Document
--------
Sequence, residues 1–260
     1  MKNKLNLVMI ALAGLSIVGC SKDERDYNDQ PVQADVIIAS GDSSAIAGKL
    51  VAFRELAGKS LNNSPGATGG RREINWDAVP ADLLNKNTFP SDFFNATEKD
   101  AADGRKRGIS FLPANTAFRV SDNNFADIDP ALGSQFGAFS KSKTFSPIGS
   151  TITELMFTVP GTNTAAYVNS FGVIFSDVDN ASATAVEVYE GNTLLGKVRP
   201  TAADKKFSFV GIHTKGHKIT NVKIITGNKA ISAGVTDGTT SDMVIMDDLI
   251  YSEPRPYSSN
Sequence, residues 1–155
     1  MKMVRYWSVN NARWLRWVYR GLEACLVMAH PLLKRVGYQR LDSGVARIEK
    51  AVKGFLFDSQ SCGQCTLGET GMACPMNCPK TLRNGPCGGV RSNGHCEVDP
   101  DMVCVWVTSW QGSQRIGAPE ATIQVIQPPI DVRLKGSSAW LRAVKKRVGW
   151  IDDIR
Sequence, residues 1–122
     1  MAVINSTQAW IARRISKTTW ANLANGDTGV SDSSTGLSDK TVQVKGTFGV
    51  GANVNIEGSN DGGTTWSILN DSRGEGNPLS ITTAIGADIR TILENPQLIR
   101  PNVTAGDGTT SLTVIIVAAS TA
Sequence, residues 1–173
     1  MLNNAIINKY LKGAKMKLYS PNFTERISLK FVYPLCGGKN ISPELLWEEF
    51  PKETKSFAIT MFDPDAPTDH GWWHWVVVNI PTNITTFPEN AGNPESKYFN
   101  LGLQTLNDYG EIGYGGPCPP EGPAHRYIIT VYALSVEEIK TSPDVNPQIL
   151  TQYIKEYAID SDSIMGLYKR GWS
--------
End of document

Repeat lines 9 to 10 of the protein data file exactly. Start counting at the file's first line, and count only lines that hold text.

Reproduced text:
     1  MKMVRYWSVN NARWLRWVYR GLEACLVMAH PLLKRVGYQR LDSGVARIEK
    51  AVKGFLFDSQ SCGQCTLGET GMACPMNCPK TLRNGPCGGV RSNGHCEVDP